Ruling on divisive 'McJesus' sculpture fulfills Israeli culture minister's censorship fantasies (Nirit Anderman, Haaretz+) Following years of attempts by Miri Regev to curb offensive artistic expression, this week a court in Haifa upheld the mayor's right to intervene in content at a municipal museum to 'maintain public order.'
For Israel's Golden Intel Boys, It Starts With Terror and Ends With Greed (Gideon Levy, Haaretz+) Veterans of Israel’s famed signal intelligence corps, Unit 8200, already well versed in violence against the helpless, are now indulging in rotten meddling abroad.
How did two reports about the army's readiness for war contradict each other? (Brig. Gen. (res.) Eli Ben-Meir, Maariv) The contents of the documents written by the heads of the subcommittees of the Foreign Affairs and Defense Committee contradict each other.
The Hypocrisy of the University Cartel (Israel Harel, Haaretz+) The fuel that is igniting the campaign against Ariel University is purely political and ideological.
Palestinians Have No Confidence in the Palestinian President (Yasmin Zaher, Haaretz+) There were strikes and protests this month in Ramallah – and they weren't against the occupation. Palestinian workers demanded Israel keep their hard-earned social security payments rather than entrust them to the 'safekeeping' of its nepotistic proxy – the Palestinian Authority.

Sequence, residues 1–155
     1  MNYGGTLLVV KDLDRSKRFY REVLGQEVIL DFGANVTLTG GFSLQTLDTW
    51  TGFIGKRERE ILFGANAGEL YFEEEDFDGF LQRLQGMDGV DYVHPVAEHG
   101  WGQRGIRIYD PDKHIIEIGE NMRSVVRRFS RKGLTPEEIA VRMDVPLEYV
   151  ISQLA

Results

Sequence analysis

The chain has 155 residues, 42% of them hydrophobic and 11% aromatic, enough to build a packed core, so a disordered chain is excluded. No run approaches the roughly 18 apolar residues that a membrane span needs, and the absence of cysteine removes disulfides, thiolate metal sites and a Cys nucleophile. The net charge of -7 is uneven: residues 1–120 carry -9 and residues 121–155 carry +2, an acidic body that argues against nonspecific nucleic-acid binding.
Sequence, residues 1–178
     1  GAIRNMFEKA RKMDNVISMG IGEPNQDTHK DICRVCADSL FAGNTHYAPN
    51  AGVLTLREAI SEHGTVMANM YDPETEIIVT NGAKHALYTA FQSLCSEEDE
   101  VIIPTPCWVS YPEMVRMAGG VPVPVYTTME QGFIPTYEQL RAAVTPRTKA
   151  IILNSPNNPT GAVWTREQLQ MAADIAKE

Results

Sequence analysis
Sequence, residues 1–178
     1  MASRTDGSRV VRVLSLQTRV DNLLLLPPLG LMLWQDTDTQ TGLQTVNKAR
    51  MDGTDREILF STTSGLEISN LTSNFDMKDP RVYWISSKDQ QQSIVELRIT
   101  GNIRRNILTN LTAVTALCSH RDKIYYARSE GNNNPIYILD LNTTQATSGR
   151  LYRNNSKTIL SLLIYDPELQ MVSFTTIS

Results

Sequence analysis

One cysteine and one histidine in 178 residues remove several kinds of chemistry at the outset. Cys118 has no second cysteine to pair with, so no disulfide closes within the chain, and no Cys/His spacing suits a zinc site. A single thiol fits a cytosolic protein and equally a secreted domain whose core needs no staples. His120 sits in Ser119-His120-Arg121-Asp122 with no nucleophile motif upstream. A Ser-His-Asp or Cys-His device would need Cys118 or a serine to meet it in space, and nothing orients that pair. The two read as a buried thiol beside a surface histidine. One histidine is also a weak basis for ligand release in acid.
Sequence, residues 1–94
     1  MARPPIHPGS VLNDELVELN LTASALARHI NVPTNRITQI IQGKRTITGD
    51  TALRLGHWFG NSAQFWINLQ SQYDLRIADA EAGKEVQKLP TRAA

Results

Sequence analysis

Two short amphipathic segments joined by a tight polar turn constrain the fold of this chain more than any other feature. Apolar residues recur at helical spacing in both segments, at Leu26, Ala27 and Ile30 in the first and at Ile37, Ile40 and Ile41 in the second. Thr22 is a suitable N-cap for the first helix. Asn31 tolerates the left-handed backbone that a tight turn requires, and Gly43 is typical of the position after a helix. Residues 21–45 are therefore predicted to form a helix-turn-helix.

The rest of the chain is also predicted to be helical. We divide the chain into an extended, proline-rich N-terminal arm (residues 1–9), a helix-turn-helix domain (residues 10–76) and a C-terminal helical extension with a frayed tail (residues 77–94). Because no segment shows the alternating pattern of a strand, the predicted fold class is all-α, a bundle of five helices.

Poland's 'Holocaust Law:' The Wound Is Still Open (Haaretz Editorial) The latest diplomatic crisis with Warsaw shows that the controversial Israeli-Polish declaration about the law resolved nothing.
Yemen's War Is a Mercenary Heaven. Are Israelis Reaping the Profits? (Zvi Bar'el, Haaretz+) The privatization of the war in Yemen has entered a new stage.
 
Interviews:
The Knesset Candidate Who Says Zionism Encourages anti-Semitism and Calls Netanyahu 'Arch-murderer'
Few Israelis have heard of Dr. Ofer Cassif, the Jewish representative on the far-leftist Hadash party's Knesset slate. On April 9, that will change. Indeed, the assault on him began as soon as he was selected by the party’s convention. The media pursued him; a columnist in the mass-circulation Yedioth Ahronoth newspaper, Ben-Dror Yemini, called for him to be disqualified from running for the Knesset. It would be naive to say that this was unexpected. Cassif, who was one of the first Israeli soldiers to refuse to serve in the territories, in 1987, gained fame thanks to a number of provocative statements. The best known is his branding of Justice Minister Ayelet Shaked as “neo-Nazi scum.” On another occasion, he characterized Jews who visit the Temple Mount as “cancer with metastases that have to be eradicated.” On his alternate Facebook page, launched after repeated blockages of his original account by a blitz of posts from right-wing activists, he asserted that Culture Minister Miri Regev is “repulsive gutter contamination,” that Prime Minister Benjamin Netanyahu is an “arch-murderer” and that the new Israel Defense Forces chief of staff, Lt. Gen. Aviv Kochavi, is a “war criminal.” (Interviewed by Ravit Hechts, Haaretz+)